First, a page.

Being sent away from the comforts of your civilian life and then placed in the extreme conditions of the battlefield is a drastic change and can take a toll on you. Most of the time, history talks about how the soldiers were nourished with nutrient-packed chocolates and biscuits in their rations, providing them with coffee or cigarettes or maybe booze. Or how they were prepared for the grueling conditions through training before they were deployed. However, the use of mind-altering drugs or substances in warfare to help increase the soldiers’ performance was a detail usually left out.
The Viking berserker could be traced back as far as the ninth century. These fierce Norse Warriors would fight in a trance-like fury that made them seem indestructible from any weapon that their enemies would use against them. They would growl like beasts, froth at the mouth, and attack the enemies with their humanly impossible strength that could maim and kill anyone and anything in their path.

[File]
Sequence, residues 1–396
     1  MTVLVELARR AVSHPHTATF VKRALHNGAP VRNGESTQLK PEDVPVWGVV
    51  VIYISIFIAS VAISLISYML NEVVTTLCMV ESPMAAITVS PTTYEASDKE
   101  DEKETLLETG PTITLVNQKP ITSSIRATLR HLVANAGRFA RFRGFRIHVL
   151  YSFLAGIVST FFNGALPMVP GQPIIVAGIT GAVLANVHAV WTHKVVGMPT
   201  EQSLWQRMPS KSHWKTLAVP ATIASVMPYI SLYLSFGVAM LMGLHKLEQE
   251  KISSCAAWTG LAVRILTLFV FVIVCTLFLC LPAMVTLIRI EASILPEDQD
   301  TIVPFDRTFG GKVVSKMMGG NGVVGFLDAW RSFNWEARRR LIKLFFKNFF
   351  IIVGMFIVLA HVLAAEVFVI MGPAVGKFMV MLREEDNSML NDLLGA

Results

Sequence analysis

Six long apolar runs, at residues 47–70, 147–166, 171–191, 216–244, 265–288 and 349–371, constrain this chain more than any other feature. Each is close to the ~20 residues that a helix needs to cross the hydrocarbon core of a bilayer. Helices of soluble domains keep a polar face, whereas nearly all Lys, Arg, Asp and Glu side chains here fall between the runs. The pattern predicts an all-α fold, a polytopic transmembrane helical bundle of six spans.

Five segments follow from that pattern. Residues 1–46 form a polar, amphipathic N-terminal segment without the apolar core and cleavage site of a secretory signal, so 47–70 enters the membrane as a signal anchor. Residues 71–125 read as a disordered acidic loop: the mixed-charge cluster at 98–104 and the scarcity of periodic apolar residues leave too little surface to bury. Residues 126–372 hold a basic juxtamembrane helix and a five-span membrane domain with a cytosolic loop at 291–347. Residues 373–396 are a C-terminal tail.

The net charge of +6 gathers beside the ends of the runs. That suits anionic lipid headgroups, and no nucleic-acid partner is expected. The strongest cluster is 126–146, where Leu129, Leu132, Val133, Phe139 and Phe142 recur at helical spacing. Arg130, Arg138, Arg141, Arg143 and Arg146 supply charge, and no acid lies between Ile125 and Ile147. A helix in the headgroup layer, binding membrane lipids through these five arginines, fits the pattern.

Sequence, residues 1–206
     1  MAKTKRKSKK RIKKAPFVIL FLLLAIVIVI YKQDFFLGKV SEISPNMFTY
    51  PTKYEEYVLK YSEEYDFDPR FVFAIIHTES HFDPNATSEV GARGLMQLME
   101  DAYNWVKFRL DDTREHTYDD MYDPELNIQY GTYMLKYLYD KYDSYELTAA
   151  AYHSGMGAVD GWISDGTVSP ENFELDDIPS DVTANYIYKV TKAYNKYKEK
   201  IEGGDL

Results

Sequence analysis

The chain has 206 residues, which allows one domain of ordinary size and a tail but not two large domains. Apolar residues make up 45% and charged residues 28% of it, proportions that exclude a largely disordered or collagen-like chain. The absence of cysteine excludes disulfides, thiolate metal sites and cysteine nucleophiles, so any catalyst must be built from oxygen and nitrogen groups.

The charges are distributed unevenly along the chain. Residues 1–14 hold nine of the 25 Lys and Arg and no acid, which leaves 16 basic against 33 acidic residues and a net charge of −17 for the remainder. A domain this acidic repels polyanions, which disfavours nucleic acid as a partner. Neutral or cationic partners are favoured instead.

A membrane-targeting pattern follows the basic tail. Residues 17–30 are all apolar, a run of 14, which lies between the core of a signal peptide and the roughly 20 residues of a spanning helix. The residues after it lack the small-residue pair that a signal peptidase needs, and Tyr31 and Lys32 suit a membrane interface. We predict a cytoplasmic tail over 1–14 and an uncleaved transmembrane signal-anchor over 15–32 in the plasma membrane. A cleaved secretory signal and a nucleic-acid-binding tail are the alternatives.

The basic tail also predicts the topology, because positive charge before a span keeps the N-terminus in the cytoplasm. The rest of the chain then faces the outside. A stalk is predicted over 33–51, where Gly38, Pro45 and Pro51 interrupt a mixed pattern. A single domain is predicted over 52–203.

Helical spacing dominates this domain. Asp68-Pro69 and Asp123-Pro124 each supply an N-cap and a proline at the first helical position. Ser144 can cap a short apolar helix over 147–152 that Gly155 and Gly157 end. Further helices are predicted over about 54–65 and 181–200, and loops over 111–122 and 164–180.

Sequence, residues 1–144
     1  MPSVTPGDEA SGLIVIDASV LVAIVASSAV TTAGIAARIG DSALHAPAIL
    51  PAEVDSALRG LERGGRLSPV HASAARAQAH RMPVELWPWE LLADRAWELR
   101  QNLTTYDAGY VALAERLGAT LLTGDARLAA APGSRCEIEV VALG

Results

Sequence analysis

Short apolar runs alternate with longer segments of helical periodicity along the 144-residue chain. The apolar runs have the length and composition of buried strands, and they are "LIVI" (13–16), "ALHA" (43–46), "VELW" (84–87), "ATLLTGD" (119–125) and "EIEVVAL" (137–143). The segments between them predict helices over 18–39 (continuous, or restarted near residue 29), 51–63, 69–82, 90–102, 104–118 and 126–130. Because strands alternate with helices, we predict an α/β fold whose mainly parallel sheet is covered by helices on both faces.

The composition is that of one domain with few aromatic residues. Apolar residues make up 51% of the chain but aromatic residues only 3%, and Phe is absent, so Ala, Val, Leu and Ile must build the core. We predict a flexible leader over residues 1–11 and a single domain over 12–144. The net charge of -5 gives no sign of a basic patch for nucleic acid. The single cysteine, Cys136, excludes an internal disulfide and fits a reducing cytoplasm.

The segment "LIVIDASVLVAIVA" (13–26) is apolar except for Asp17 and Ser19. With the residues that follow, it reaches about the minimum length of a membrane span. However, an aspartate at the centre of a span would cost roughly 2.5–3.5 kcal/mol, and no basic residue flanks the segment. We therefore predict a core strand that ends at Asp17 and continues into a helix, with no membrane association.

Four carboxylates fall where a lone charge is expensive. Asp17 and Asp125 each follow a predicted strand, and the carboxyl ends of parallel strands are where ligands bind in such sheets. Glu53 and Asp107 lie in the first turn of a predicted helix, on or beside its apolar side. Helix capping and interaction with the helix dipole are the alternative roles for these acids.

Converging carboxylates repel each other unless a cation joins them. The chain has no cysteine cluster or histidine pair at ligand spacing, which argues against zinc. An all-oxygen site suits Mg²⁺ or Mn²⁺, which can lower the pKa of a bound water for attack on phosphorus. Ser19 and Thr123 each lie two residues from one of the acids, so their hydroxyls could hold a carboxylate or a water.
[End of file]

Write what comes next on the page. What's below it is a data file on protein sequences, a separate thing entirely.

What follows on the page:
As the Icelandic historian and poet Snorri Sturluson wrote in his Ynglinga saga,
His (Odin’s) men rushed forwards without armour, were as mad as dogs or wolves, bit their shields, and were strong as bears or wild oxen, and killed people at a blow, but neither fire nor iron told upon them.